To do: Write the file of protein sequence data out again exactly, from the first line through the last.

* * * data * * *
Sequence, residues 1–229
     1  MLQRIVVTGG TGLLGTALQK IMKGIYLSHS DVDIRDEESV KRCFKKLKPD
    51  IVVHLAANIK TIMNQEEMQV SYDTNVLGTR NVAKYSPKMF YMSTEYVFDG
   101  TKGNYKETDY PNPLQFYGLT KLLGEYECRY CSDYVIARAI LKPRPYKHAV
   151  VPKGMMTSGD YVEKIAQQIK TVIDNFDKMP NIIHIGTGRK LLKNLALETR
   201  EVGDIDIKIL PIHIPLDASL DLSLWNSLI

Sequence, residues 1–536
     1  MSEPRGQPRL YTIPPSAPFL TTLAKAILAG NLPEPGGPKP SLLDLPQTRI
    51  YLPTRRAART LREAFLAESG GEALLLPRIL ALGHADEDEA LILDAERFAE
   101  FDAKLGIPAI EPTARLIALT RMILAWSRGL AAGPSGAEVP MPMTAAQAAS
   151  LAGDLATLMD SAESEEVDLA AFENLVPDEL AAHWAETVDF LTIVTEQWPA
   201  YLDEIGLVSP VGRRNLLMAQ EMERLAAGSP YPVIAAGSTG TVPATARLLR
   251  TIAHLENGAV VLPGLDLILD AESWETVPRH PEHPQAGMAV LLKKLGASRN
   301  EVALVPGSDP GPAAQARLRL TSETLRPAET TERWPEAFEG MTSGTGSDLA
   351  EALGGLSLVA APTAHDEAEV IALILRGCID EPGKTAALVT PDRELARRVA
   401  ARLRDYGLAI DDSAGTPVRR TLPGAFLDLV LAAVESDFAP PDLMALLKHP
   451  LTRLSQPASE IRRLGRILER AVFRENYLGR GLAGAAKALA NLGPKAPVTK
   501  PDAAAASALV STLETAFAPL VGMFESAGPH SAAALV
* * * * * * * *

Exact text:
Sequence, residues 1–229
     1  MLQRIVVTGG TGLLGTALQK IMKGIYLSHS DVDIRDEESV KRCFKKLKPD
    51  IVVHLAANIK TIMNQEEMQV SYDTNVLGTR NVAKYSPKMF YMSTEYVFDG
   101  TKGNYKETDY PNPLQFYGLT KLLGEYECRY CSDYVIARAI LKPRPYKHAV
   151  VPKGMMTSGD YVEKIAQQIK TVIDNFDKMP NIIHIGTGRK LLKNLALETR
   201  EVGDIDIKIL PIHIPLDASL DLSLWNSLI

Sequence, residues 1–536
     1  MSEPRGQPRL YTIPPSAPFL TTLAKAILAG NLPEPGGPKP SLLDLPQTRI
    51  YLPTRRAART LREAFLAESG GEALLLPRIL ALGHADEDEA LILDAERFAE
   101  FDAKLGIPAI EPTARLIALT RMILAWSRGL AAGPSGAEVP MPMTAAQAAS
   151  LAGDLATLMD SAESEEVDLA AFENLVPDEL AAHWAETVDF LTIVTEQWPA
   201  YLDEIGLVSP VGRRNLLMAQ EMERLAAGSP YPVIAAGSTG TVPATARLLR
   251  TIAHLENGAV VLPGLDLILD AESWETVPRH PEHPQAGMAV LLKKLGASRN
   301  EVALVPGSDP GPAAQARLRL TSETLRPAET TERWPEAFEG MTSGTGSDLA
   351  EALGGLSLVA APTAHDEAEV IALILRGCID EPGKTAALVT PDRELARRVA
   401  ARLRDYGLAI DDSAGTPVRR TLPGAFLDLV LAAVESDFAP PDLMALLKHP
   451  LTRLSQPASE IRRLGRILER AVFRENYLGR GLAGAAKALA NLGPKAPVTK
   501  PDAAAASALV STLETAFAPL VGMFESAGPH SAAALV